23andMe shuts down API

Direct-to-consumer genetic testing company 23andMe plans to close its application programming interface to developers in two weeks amid concerns about user privacy, the company said Aug. 23, according to CNBC.

23andMe first opened its API in 2012, giving developers access to customers' raw genomic data. At the time, the company said it wanted to "allow authorized developers to build a broad range of new applications and tools for the 23andMe community," according to CNBC.

App developers will now only be able to access company-generated reports.

"We're updating our API program to focus on apps that build on the interpretations and results we provide to our customers," 23andMe said in an email obtained by CNBC. "Our hope is to bring added value to customers' overall experience. We're notifying existing developers and any impacted customers now in order to help them prepare for the changes to our program."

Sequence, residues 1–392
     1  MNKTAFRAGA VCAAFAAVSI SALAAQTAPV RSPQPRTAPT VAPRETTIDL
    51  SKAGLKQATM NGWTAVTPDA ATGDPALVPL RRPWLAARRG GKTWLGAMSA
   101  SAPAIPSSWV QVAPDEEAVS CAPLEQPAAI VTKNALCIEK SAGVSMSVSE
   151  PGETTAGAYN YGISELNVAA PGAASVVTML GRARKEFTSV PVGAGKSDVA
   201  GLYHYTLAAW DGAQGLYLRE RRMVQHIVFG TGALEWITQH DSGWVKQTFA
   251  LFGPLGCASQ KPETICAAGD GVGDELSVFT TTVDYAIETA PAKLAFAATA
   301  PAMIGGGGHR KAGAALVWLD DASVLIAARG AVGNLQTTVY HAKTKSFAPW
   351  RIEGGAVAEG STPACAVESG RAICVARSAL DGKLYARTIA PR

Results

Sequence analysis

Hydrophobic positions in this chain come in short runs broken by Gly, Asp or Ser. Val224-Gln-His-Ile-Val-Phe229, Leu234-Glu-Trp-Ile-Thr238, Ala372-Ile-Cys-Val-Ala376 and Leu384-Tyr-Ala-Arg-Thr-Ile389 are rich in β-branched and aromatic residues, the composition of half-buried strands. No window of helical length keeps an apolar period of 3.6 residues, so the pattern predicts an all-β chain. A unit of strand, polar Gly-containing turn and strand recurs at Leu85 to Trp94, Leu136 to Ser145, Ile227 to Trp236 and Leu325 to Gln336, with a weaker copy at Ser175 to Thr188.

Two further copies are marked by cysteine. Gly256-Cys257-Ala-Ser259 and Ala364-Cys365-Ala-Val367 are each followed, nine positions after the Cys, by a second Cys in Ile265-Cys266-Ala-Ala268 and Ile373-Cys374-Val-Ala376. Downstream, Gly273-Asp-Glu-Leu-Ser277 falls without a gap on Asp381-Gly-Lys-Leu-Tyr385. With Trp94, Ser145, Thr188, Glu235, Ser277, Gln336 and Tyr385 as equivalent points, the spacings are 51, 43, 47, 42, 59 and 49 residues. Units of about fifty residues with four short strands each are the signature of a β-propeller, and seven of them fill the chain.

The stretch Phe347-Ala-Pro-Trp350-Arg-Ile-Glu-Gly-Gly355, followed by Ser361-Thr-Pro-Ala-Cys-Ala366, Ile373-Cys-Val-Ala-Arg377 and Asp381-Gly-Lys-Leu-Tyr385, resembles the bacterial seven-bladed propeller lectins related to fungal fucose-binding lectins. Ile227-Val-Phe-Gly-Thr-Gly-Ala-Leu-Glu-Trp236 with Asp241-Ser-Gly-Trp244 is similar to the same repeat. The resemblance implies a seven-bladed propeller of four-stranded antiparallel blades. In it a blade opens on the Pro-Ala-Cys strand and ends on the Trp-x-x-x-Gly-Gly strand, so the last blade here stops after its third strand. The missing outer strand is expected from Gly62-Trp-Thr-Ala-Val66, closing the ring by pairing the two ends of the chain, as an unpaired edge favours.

Researcher partners, such as GlaxoSmithKline, will still be able to access the raw data. The pharmaceutical manufacturer invested nearly $300 million in 23andMe in July as part of a four-year collaboration to use human genetics to guide the company's drug development.

23andMe customers can also still share genetic information online with open-source services like GEDmatch or with a particular developer.

More articles on data analytics & precision medicine:

Harvard Data Science Initiative hits 1 year: Here's its next steps
NIH awards consortium $6.5M to create predictive models for precision medicine
Amazon, 23andMe among 500+ entities registered to use CMS' Blue Button 2.0 API

© Copyright ASC COMMUNICATIONS 2018. Interested in LINKING to or REPRINTING this content? View our policies by clicking here.

 

Top 40 Articles from the Past 6 Months